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A couple of sailors aboard the USS Nicholas flight deck chat on Friday. In their background is the Bosnian coastal town of Neum. Nicholas is the first foreign ship to anchor in the Bosnian waters of the Adriatic Sea since a 1914 visit by an Austro-Hungarian vessel.

A couple of sailors aboard the USS Nicholas flight deck chat on Friday. In their background is the Bosnian coastal town of Neum. Nicholas is the first foreign ship to anchor in the Bosnian waters of the Adriatic Sea since a 1914 visit by an Austro-Hungarian vessel. (Ivana Avramovic / S&S)

NEUM, Bosnia and Herzegovina — The USS Nicholas made history Friday as the first foreign ship to visit this Bosnian coastal town since 1914.

Media cameras and curious passersby gathered to record the arrival of the U.S. guided-missile frigate, which anchored 150 meters from the beaches of Neum.

The last foreign ship to pull into port was an Austro-Hungarian ship nearly nine decades ago, according to local historians.

Ships off the Adriatic coast are a common site, but it’s unusual to see it in Neum, said Boris Gasevic, a 15-year-old Bosnian, who was among a crew of divers hired to inspect the sea bottom.

The symbolic visit started with a Bosnian brass band playing the national anthems of the two countries and U.S. Navy officers and local government officials exchanging gifts of bottles of wine.

“We are truly honored that you have gone out of your way to make us feel so welcome,” said Nicholas’ Cmdr. Chan Swallow. “There are many places we go where we do not receive such a warm welcome.”

“USS Nicholas is here to support the nation of Bosnia and Herzegovina for the prosperity of the country, the unity of the country and the security of not only of this part of Bosnia and Herzegovina but all of the region, all of Europe,” Swallow said.

One of the first Bosnian officials to greet the crew was Deputy Minister of Foreign Affairs Ibrahim Dikic.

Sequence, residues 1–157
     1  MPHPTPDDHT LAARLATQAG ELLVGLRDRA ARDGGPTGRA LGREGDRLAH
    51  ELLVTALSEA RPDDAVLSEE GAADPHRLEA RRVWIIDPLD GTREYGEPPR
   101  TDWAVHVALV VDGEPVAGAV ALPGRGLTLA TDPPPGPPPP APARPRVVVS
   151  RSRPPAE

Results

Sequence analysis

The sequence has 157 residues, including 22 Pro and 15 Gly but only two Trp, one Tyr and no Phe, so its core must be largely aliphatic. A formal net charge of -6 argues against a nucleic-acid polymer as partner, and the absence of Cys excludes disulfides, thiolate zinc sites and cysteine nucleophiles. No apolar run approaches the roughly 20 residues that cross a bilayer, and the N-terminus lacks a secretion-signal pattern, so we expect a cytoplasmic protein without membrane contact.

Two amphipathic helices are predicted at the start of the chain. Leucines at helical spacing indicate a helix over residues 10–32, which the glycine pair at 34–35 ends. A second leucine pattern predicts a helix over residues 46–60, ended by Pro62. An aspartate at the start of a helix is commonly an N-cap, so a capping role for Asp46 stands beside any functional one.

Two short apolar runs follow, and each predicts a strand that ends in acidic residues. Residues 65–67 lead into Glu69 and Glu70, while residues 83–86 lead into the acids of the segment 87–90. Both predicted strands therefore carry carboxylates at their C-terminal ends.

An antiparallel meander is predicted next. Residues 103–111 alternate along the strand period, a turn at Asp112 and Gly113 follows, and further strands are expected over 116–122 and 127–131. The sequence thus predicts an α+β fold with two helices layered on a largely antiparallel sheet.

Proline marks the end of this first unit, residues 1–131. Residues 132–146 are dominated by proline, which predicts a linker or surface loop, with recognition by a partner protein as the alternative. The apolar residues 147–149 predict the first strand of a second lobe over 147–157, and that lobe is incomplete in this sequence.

“This represents one of the first steps of Bosnia and Herzegovina symbolically becoming a member of European and Atlantic integrations,” he said.

The Croatian peninsula of Peljesac runs parallel to the 14 miles of Bosnia’s coast to create a narrow baylike water passage. A reef in between requires extra attention when sailing into Neum, a beach-vacation destination dominated by four large hotels.

While the small frigate carrying some 240 sailors has a shallower draft than many, other U.S. ships could have made it through, said Navy Lt. Tracy Brines, the Nicholas’ operations officer.

It’s been a busy trip for the Norfolk, Va.-based frigate. The Nicholas has made recent port visits to Suda Bay in Crete, St. Petersburg in Russia, Rhodes in Greece, Rota in Spain, Copenhagen in Denmark and visited Italy before coming to Bosnia.

During a recent deployment to the Persian Gulf, the crew rescued a downed U.S. Air Force F-16 pilot from the waters off the coast of Kuwait, and located and rescued 16 Albanian citizens from a capsized lifeboat.

Still navigating into Neum required a little help.

“We actually had to get a hold of the British Admiralty and get some of their charts simply because we did not have it (Neum) in any of our records,” said Petty Officer 3rd Class Ellic Mottram. “That made it a little interesting but we jumped through a few hoops and managed to get the information.”

The sailors had a chance to tour the town of Mostar, a city an hour north of Neum and Medjugorje, a pilgrimage town made famous for its claims of Virgin Mary apparitions.

Some sailors took part in soccer matches and basketball games against local teams.

“This is definitely a very special visit,” said Petty Officer 3rd Class Brian Maher from Hopkins, Mich., who has been a sailor for two years. “We’ll all remember this one.”

“Nobody else in the U.S. Navy can say they’ve been in Bosnia and Herzegovina,” Swallow said. “I trust and I hope that we are one of the first United States ships to come to this beautiful harbor.”

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